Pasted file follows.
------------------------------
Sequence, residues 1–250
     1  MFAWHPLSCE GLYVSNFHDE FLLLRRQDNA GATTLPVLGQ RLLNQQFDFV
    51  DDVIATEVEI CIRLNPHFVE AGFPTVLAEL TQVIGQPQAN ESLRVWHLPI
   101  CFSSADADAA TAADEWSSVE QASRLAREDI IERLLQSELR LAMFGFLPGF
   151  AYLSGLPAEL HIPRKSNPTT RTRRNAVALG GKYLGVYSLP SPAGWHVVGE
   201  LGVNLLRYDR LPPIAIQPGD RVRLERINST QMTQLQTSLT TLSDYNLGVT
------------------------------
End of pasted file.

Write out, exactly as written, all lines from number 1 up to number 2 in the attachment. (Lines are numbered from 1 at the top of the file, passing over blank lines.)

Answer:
Sequence, residues 1–250
     1  MFAWHPLSCE GLYVSNFHDE FLLLRRQDNA GATTLPVLGQ RLLNQQFDFV